In the context of the Union Budget, we need to analyse what big-ticket items have been missed since the introduction of GST. Potential micro-level changes needed to improve the efficacies of the historic tax initiative also need to be examined. The objective is to ponder over possible improvement areas in the tax for fast-pacing the growth and development of the nation.
Existing lacunae in the GST framework:
1) It was expected that GST rate slabs would be restricted to a maximum of two to three. However, five slabs were announced in addition to exceptions for few goods and services. The focus should have been on keeping the 28 per cent slab as lean as possible.
2) The announcement in changes from GSTR-1 to 2A, 2 and thence to 3 was seen as a welcome move by professionals. However, the journey was short-lived with the dropping of GSTR-2A, 2 and 3 and the introduction GSTR-3B. The deadline for filing the returns also continued to get postponed.
3) Reverse Charge Mechanism (RCM) also witnessed a major step backward. Except for certain notified goods and services offered by professional agencies like law firms, Goods and Transport Agency (GTA), insurance agent services, among others, the RCM for supply from an unregistered to a registered entity never took off.
4) The exemption of petroleum products from GST denied the set-off opportunity for one of the major cost components. The creation of an exclusive sixth GST rate slab for petroleum products could have facilitated the availability of Input Tax Credit (ITC) and the cascading effect of tax could have been avoided.
5) Businesses operating across different states are required to register in each state and union territory (UT). It was anticipated that the government may bring in single registration for one PAN. Its early implementation will be a huge relief for entities operating on a Pan-India basis.
Need for crucial micro-level changes in GST:
1) There is no scope for rectification in Annual Returns. The government should consider a provision to enable filing Annual Returns within a specific time period for first-time filers.
2) There is no justification for bringing membership or maintenance charges levied by Cooperative Housing Societies under the GST ambit. The levy of GST on commercial transactions such as renting of society premises for functions, hoardings and advertisements can be termed as valid. There is no rationale behind charging GST even on monthly maintenance amounts exceeding Rs 7,500.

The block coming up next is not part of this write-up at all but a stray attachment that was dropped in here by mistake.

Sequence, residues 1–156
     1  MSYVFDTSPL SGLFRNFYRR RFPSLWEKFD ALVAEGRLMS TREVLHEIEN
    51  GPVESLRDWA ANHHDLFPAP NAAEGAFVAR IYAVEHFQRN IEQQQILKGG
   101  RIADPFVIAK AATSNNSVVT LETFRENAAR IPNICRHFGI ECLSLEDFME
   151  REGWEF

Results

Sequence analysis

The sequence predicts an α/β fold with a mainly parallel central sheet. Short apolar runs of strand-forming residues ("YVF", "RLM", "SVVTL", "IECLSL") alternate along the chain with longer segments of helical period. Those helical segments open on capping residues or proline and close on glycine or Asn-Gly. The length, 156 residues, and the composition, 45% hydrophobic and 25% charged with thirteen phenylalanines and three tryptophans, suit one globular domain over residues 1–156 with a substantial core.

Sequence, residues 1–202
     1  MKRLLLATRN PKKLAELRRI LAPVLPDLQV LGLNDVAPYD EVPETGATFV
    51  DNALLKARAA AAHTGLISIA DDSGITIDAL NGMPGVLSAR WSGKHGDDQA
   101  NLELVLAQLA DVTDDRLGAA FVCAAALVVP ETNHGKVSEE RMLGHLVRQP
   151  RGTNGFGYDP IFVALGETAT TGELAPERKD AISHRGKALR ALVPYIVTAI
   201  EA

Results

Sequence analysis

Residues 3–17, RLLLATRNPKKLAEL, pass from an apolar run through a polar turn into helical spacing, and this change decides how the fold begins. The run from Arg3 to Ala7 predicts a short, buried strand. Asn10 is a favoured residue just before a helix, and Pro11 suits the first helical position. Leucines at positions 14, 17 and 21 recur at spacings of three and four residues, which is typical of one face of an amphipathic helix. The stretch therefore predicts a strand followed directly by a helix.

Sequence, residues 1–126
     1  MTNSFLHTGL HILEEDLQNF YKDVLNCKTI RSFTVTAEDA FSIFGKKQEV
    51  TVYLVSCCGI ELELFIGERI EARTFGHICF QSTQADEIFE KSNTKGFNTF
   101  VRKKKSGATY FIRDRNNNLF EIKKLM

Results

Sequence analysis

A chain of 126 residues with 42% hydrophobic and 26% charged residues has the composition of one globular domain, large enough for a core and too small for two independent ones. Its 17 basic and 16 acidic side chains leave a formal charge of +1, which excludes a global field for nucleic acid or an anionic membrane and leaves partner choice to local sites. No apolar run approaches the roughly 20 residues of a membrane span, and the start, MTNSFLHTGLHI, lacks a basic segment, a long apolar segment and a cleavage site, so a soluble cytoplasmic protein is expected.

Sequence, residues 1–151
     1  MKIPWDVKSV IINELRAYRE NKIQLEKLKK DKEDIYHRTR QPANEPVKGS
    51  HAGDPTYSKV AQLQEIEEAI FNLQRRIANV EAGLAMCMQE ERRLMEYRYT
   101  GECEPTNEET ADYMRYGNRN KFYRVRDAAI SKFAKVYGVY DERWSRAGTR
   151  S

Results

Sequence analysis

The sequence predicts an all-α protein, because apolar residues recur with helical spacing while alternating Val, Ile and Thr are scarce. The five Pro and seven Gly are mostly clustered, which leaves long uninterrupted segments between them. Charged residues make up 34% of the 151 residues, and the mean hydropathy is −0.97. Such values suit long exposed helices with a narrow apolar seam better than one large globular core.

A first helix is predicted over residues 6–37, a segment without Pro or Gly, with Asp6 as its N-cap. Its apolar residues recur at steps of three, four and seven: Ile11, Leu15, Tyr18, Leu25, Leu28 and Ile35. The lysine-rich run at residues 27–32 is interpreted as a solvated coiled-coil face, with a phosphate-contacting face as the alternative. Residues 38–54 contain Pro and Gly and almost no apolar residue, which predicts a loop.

3) Key services like law firms should be brought under the purview of GST and the system of paying GST under the RCM method should be discontinued.
4) Small businesses were extended the facility of filing quarterly GSTR-1 returns instead of filing them monthly. Small businesses filing quarterly returns, while others are filing monthly returns, is not serving the purpose as reconciliation in such cases cannot happen on monthly basis as one has to wait till the quarterly returns are filed by the small businesses. Hence, everyone should be allowed to file quarterly returns.
5) Many service providers import services and export. The RCM mechanism facilitates payment of GST on import of services. However, a lack of outward GST liability owing to full export of services prompts them to apply for refund of GST paid on imports. This refund should be processed expeditiously to unblock their working capital.
6) The threshold limit for composition scheme of Rs 1.5 crore is very less for the supplier of goods. It is advisable to increase this limit to Rs 5 crore for suppliers who exceed this limit but still do not qualify as big suppliers owing to profit margins.
7) There is a Tax Deducted at Source (TDS) provision of 2 per cent (1 per cent+1 per cent) for supplies to government authorities. The problem in such cases is that, till the time the return is filed by such government authority, the supplier cannot take the credit for this 2 per cent and this amount gets blocked. Though this percentage looks small, the absolute amount tends to get high, impacting the working capital for the suppliers and the TDS unnecessarily becomes ‘tedious’ for the suppliers! Can we not do away with this TDS provision completely?
(Rajeshree Sabnavis is the founder of Rajeshree Sabnavis & Associates where Yogesh Gokhale is the consulting manager. The views expressed are personal)